Today is the “Day of Action to Save Net Neutrality 2017”. I added the year in there because this is actually the second such day in about as many years. The U.S. FCC has proposed rolling back rules that would restrict how ISPs can manipulate the data stream that we purchase from them. Many ISPs want to be free from adhering to Title II regulations that require them to provide fair and unhindered access to all users of the internet connection. Most stories I’ve read have put forward the idea that, given the successful removal of Title II rules requirements, the ISPs would be free to create “bundles” of websites that they could then charge extra fees for access. While this is possible, much like many cable companies offer programming bundles today, I think this misses one important detail.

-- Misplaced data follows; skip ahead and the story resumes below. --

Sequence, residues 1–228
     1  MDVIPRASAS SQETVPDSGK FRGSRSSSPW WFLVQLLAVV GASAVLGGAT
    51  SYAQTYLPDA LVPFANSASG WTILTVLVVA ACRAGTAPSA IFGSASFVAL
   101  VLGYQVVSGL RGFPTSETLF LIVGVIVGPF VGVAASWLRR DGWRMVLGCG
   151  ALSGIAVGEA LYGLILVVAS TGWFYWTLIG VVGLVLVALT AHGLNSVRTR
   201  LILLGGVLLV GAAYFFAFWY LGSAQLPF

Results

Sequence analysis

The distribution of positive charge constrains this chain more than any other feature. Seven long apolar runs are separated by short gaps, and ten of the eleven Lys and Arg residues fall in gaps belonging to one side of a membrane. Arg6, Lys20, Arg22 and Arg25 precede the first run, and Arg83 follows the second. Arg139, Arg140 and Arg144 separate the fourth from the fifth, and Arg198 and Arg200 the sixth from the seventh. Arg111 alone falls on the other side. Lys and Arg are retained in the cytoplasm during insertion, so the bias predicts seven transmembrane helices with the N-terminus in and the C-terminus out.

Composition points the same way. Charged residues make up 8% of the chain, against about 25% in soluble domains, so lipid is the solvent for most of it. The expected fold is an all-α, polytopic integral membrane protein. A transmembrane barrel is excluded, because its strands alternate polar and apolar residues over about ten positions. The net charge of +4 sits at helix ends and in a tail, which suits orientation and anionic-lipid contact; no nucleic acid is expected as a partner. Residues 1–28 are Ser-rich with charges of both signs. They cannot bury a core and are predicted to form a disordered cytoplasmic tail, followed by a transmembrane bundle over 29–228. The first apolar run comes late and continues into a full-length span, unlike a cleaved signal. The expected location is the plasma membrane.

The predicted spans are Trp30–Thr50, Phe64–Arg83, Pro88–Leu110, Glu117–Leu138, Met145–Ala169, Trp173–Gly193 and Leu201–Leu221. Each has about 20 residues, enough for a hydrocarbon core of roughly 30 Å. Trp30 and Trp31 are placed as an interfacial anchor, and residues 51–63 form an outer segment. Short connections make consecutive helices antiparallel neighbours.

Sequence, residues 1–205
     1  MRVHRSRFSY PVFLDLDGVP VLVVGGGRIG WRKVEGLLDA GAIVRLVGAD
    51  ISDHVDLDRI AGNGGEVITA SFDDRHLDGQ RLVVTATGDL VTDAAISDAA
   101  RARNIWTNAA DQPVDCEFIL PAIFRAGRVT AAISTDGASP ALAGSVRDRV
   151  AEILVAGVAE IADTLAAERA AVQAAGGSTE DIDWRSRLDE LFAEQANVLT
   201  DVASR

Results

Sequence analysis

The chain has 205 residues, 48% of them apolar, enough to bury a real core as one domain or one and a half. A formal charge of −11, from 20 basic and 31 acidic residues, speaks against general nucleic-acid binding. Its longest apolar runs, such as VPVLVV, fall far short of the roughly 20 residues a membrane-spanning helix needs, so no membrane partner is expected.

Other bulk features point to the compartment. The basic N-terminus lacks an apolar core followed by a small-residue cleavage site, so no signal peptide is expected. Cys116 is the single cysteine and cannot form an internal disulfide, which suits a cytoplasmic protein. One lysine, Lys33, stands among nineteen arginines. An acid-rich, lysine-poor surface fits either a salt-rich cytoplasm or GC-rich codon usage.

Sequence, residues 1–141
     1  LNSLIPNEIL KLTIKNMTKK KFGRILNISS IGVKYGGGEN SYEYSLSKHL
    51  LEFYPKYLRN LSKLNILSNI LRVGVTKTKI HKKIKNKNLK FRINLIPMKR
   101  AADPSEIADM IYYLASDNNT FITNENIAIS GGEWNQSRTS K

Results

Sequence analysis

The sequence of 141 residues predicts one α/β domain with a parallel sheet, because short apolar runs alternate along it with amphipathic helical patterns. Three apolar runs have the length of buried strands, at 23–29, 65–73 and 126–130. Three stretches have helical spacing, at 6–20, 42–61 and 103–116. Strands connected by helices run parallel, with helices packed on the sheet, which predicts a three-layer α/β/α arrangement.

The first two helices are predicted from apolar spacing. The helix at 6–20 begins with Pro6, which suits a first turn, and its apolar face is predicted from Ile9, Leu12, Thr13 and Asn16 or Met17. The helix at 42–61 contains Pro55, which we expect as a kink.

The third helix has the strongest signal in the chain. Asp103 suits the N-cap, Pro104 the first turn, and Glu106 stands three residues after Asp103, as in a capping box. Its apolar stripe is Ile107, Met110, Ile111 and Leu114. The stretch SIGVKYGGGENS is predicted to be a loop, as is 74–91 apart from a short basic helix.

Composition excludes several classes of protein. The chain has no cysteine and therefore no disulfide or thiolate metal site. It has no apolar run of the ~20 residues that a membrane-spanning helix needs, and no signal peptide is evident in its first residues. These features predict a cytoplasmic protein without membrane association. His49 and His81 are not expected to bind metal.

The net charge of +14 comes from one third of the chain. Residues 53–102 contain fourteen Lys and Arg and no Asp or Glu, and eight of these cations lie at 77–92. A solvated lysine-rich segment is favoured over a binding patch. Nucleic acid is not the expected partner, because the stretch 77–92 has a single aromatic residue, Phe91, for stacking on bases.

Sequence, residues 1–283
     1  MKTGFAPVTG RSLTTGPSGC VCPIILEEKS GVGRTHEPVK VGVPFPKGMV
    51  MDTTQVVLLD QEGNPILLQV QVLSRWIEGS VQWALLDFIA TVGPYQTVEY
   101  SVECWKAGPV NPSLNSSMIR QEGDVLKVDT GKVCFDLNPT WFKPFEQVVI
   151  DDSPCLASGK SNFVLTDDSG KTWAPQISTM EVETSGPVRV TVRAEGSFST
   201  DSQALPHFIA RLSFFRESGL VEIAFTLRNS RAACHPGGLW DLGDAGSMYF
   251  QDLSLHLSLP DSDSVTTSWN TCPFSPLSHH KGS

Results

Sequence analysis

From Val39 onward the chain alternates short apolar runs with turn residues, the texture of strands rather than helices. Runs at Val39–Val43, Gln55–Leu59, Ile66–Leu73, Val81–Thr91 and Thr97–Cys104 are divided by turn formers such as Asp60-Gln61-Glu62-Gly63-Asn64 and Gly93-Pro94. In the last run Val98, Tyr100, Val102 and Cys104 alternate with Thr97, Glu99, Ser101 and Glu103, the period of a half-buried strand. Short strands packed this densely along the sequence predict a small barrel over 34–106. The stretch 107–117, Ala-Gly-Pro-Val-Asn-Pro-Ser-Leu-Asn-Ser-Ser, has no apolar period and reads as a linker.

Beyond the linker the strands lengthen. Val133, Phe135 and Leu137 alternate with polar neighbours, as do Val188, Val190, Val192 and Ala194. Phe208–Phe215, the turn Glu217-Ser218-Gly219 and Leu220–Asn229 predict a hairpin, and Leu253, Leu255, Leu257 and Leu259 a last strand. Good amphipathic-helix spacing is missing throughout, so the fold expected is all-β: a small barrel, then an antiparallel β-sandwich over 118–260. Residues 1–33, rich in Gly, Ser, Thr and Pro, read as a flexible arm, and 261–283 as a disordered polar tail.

The provider of my internet service has privileged access to my activity, able to see every webpage I visit and for how long. I think it’s naive to say that ISPs would create generic “bundles” of content for which they charge a premium. I think we are much more likely to see people simply being charged more for continued access to their most frequently visited sites.
For more detail and links to additional resources, see Center for Democracy & Technology’s blog post on the topic.